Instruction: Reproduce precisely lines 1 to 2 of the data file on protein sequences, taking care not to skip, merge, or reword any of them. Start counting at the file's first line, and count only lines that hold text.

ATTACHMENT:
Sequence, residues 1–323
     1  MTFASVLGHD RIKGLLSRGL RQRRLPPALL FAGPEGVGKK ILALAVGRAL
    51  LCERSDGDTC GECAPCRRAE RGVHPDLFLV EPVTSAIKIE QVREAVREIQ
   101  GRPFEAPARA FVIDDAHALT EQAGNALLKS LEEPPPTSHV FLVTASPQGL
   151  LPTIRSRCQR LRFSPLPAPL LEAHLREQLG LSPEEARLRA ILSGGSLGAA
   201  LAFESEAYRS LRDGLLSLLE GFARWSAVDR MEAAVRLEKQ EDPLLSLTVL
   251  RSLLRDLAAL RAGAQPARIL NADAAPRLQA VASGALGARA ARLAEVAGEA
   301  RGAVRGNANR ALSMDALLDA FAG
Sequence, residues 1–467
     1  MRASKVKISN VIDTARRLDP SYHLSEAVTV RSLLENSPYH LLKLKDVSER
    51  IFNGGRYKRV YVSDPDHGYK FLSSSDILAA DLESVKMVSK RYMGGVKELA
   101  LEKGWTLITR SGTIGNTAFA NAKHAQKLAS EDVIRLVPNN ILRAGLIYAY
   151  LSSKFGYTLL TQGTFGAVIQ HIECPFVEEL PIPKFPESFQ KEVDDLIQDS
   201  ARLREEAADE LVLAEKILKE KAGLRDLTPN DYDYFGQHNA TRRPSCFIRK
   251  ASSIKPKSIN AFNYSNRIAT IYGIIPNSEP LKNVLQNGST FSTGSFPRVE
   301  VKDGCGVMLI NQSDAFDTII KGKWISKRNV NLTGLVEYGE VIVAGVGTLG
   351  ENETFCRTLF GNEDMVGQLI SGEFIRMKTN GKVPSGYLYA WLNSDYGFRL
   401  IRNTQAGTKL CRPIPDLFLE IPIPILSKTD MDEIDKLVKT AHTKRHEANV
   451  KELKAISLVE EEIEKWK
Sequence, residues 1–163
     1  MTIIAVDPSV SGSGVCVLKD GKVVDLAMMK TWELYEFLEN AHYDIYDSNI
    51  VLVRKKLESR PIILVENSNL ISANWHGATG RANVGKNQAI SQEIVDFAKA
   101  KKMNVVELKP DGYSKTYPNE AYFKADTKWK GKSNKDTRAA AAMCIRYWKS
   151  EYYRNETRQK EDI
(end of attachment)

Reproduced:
Sequence, residues 1–323
     1  MTFASVLGHD RIKGLLSRGL RQRRLPPALL FAGPEGVGKK ILALAVGRAL